PipClock Has You Duck-and-Covered in Case of Apocalypse

With the exception, maybe, of VATS calling out your headshots, our modern mobile devices are shades more useful than the Pip Boy. Nonetheless, the Fallout universe's wrist-borne computer seems so much more essential and dramatic, probably because its analog hum, scanlines and fluttering screen make it all seem so close to a breakdown.

In steps PipClock, an iPhone/iPad compatible homage to the Fallout device that's been available since the beginning of the year. PipClock is not itself a game, although, I suppose, you could pretend you're starring in one when you use it. It's a toy, something that gives you the time and the weather and a little extra with a healthy dose of alternate-reality presentation.

PipClock is not an official Fallout app and doesn't make use of any of its symbols directly (except the first three letters of its title) but it is unmistakably shown to be your post-apocalyptic digital survival kit, just like the Pip-Boy. The skin is a tarnished, beaten metal surrounding a washed-out, amber-hued display. Once the app acquires your GPS signal, you're given the local time, a weather summary, and a location descriptor. In my case, it was "Ruins of Springfield," with radioactive clouds covering the skies but no toxic rain alert.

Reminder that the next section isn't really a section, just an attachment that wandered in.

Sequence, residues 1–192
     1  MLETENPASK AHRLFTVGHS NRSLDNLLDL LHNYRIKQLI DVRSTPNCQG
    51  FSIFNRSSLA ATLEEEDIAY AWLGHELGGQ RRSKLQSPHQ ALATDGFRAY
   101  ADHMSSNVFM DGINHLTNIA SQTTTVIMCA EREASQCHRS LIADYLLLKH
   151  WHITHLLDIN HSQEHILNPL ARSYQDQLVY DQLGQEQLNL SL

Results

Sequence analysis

Elsewhere in your toolkit, you can see a more detailed weather report and a day/night chart with the moon phase. A "secret compartment" that you slide down reveals a compass and a basic map, and a Geiger counter whose activity seems to increase the more you point the iPhone at the floor.

The map isn't terribly useful, providing no directions, just a rough location and distance. The compass works but then, so does the one in the maps program that does provide directions. It is cool to turn on the light application and hear it blink and drone when you use it the iPhone for its greatest improvised purpose: as a flashlight.

There are some social features in the "Network" setting; an Access Log apparently shows who across the world has been using the app in the past 30 minutes. "Bulletin" is the Twitter feed of the app's creators. Shaking your device triggers an animation in which blast doors slide shut to the sound of an enormous explosion.

In the end, this is a show-off piece for friends, or simply a diversion for those who wish to dress up some of the iPhone's functions in a more fun way. In such an app, the visuals must be superb, and PipClock's are. At 99 cents (and with a free lite version) it's a must for anyone who's ever daydreamed about surviving the day with their wits and their trusty digital device.

PipClock [iTunes]